# Showing that a nonlinear operator over function spaces is differentiable and locally invertible?

I am aware that the implicit and inverse function theorems can be generalized to infinite dimensional cases, but I am having difficulty in applying it to a specific calculation.

Let $$C^1_{\mathbb{R}}[0,1]$$ be the space of real-valued $$C^1$$ functions on the interval $$[0,1]$$. If we impose the following norm: $$\begin{equation} \lVert f \rVert := \lVert f \rVert_{\sup}+\lVert f' \rVert_{\sup} \end{equation}$$ for $$f \in C^1_{\mathbb{R}}[0,1]$$, it is clear that $$C^1_{\mathbb{R}}[0,1]$$ is a Banach space over $$\mathbb{R}$$.
Similarly, $$C_{\mathbb{R}}[0,1]$$ is the Banach space of real-valued continuous functions on $$[0,1]$$ with the supremum norm.

Then, we can think of the operator $$F:C_{\mathbb{R}}^1[0,1] \to C_{\mathbb{R}}[0,1]$$ defined by $$\begin{equation} F(f):=\sinh(f)+(f')^2 \end{equation}$$ How do I show that (or is it indeed true that) $$F$$ is strongly $$C^1$$ and the derivative at each point is a linear isomorphism? More generally, how about the case $$f \to G(f,f')$$ for any smooth function $$G : \mathbb{R}^2 \to \mathbb{R}$$ whose Jacobian determinant never vanishes?

I appreciate any help.

• Isn't $F'(0)$ just the inclusion map sending $C^1([0,1])$ into $C([0,1])$? (or have I just displayed an embarrassing inability to differentiate ;))
– DCM
Dec 29, 2021 at 22:22
• Just in case you're not aware of it already: there are lots of nice examples of this sort of thing in R. S. Hamilton's "The Inverse Function Theorem of Nash and Moser".
– DCM
Dec 29, 2021 at 22:55

The derivative of $$F$$ at $$f \in C^1[0,1])$$ is by definition the linear operator $$F'(f): C^1[0,1] \rightarrow C[0,1]$$ given by $$F'(f)\dot{f} = \lim_{t\rightarrow 0} \frac{F(f+t\dot{f}) - F(f)}{t}.$$ Here, you get $$F'(f) = (\cosh f)\dot{f} + 2f'\dot{f}'.$$ To apply the inverse function theorem, you need a linear operator $$G(f): C[0,1] \rightarrow C^1[0,1]$$ such that $$F'(f)G(f)g = g$$. In other words, given any $$g in C[0,1]$$, you need to be able to solve for $$\dot{f} \in C^1[0,1]$$ so that $$(\cosh f)\dot{f} + 2f'\dot{f}' = g.$$ It's easy to check that if $$f = 0$$, then this is not possible. $$F'(0)$$ does have a right inverse, but it is not a bounded linear map from $$C[0,1]$$ to $$C^1[0,1]$$. So you cannot invert $$F$$ near $$f = 0$$ using the inverse function theorem for Banach spaces. In order to use the inverse function theorem, you need to "regain" the derivative you lost because $$F'(f)$$ is a first order differential operator.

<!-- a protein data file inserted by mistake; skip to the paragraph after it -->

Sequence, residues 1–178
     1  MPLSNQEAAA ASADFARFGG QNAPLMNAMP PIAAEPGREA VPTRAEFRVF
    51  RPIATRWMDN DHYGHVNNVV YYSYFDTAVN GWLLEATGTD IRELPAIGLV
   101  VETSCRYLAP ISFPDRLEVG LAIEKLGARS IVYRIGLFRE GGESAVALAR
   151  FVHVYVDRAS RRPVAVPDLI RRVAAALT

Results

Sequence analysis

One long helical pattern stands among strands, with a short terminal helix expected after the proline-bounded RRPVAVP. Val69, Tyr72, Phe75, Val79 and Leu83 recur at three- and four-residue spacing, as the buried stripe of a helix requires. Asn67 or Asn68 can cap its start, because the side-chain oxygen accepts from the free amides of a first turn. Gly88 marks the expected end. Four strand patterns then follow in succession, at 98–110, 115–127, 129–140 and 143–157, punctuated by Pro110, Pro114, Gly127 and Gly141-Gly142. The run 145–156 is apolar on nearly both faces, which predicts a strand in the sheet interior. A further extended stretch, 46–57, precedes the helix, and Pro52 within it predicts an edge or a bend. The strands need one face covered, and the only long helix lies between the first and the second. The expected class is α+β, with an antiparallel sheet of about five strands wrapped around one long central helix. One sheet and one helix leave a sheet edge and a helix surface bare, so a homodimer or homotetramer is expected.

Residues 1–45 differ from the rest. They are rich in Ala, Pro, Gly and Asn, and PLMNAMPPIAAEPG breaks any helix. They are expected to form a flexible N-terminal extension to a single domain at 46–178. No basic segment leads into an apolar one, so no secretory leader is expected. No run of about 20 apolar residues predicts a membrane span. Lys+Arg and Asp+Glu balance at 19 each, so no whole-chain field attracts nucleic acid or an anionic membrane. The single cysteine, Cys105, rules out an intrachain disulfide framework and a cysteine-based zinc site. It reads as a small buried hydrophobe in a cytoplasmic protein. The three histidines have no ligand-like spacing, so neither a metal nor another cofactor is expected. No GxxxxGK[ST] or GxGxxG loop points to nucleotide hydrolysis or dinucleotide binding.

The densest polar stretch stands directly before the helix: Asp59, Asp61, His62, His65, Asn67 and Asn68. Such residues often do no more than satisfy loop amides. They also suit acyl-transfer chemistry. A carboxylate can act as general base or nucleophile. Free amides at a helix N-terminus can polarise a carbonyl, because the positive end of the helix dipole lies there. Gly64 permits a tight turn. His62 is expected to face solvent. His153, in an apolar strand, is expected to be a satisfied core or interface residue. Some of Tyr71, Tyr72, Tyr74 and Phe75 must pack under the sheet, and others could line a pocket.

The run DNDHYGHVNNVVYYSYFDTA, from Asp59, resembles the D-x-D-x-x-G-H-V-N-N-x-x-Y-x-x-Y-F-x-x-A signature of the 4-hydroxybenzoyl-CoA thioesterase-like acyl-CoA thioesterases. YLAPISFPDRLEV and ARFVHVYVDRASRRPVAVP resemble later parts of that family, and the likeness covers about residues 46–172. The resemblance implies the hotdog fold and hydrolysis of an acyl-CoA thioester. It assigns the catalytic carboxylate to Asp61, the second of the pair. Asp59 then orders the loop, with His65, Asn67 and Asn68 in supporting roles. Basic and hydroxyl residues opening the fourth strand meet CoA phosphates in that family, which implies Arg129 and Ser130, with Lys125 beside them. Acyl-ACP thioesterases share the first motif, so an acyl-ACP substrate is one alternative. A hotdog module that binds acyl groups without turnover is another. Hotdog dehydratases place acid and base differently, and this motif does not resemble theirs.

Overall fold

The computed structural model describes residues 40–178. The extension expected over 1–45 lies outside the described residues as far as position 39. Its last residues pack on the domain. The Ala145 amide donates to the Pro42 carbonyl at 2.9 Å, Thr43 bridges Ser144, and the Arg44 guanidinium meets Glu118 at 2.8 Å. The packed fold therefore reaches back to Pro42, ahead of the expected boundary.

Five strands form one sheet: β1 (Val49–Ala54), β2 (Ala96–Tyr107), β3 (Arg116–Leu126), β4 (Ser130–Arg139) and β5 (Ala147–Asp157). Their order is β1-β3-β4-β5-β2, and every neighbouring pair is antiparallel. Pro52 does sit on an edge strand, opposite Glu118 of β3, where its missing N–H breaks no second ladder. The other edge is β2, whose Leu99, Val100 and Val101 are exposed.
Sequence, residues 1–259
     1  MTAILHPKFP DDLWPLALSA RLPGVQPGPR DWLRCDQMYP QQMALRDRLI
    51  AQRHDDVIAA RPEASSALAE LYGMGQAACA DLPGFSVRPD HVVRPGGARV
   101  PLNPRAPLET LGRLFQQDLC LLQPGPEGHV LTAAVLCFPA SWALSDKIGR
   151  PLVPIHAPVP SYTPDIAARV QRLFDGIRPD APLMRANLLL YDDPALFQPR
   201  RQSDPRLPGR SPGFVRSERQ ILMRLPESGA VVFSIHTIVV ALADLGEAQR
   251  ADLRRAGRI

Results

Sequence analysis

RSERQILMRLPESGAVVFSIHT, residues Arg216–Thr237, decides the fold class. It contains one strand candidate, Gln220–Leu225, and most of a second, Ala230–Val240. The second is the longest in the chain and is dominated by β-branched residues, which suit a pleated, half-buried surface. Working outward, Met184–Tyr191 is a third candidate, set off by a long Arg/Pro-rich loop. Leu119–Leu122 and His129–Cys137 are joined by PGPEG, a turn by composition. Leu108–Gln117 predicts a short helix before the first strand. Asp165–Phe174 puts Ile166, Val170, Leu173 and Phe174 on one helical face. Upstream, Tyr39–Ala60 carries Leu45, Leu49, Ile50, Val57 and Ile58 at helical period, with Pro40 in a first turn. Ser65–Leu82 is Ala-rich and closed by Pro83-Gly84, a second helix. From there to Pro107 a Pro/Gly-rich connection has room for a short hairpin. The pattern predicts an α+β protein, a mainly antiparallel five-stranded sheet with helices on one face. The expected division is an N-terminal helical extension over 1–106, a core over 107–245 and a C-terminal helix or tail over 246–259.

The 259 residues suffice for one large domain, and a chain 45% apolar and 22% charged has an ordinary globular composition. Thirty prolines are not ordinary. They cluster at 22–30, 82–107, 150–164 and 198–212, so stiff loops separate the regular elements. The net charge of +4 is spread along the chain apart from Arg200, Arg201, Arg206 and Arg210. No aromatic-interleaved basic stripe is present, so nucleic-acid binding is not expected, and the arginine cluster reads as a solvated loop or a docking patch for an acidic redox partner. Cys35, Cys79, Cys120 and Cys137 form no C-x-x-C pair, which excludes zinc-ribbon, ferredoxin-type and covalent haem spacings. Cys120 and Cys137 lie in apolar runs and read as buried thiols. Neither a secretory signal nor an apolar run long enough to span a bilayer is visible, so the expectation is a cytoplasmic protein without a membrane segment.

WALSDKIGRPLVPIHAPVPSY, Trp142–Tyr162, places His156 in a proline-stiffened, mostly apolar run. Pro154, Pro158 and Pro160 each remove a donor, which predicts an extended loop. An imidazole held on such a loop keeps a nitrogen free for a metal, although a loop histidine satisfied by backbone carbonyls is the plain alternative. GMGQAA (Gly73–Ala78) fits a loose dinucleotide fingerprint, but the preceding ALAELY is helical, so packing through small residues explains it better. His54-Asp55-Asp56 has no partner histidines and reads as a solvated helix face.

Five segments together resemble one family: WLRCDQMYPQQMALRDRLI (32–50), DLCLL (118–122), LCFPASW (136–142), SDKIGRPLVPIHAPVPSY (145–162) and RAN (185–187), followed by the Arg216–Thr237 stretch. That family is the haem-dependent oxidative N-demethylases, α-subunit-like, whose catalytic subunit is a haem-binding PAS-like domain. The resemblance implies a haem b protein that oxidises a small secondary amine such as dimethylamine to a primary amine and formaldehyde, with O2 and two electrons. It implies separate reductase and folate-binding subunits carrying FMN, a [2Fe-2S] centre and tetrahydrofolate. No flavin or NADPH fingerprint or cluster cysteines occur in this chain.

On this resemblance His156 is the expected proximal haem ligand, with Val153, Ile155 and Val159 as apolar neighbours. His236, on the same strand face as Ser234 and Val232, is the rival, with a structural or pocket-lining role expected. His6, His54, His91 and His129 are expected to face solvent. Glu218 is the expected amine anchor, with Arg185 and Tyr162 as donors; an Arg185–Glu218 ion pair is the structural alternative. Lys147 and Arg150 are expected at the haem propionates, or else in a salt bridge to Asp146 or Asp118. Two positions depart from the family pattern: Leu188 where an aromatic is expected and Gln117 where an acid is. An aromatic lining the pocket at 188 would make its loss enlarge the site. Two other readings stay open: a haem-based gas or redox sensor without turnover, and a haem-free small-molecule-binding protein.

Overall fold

So you want to restrict to $$f$$ such that the linear ODE above is a nondegenerate one, i.e., you can write it in the form $$\dot{f}' = \dots,$$ where the right side is continuous on $$[0,1]$$. Next, you show that, for a given $$f$$, this ODE always has a solution $$\dot{f} \in C^1[0,1]$$. You also need to show that the map from $$g$$ to $$\dot{f}$$ can be chosen to be a bounded linear map from $$C[0,1]$$ to $$C^1[0,1]$$. This is all straightforward using the existence and uniqueness theorem for ODEs.

Offhand, I don't see how to show that $$F$$ is locally invertible on a neighborhood of $$0$$ in $$C^1[0,1]$$. However, you can show that it is locally invertible in a neighborhood of $$0$$ in $$C^k[0,1]$$ for $$k$$ sufficiently large (including $$k = \infty$$) by using the Nash-Moser inverse function theorem, as mentioned by @DCM.

If $$F(f) = G(f,f')$$ for some $$G\in C^\infty(\mathbb{R}^2)$$ then I think you can establish that

$$F'(f)u = (\partial_1 G)(f,f')u + (\partial_2 G)(f,f')u'$$

holds in much the same way as if you were dealing with functions of real variables. Writing $$D:C^1 \to C$$ for differentiation and $$I:C^1\to C$$ for the inclusion map,

$$F'(f) = (\partial_1 G)(f,f')I + (\partial_2 G)(f,f')D$$

is:

• Fredholm if $$(\partial_2 G)(f,f')$$ is everywhere nonzero; and
• Compact if $$(\partial_2 G)(f,f')$$ is everywhere zero

In the second case, $$F'(f)$$ can't be an isomorphism.

For the example you give (i.e. $$G(x,y) = \sinh(x)+y^2$$), $$F'(0)$$ is the inclusion of $$C^1$$ into $$C$$, which can't be an isomorphism for the simpler reason that not all continuous functions are $$C^1$$.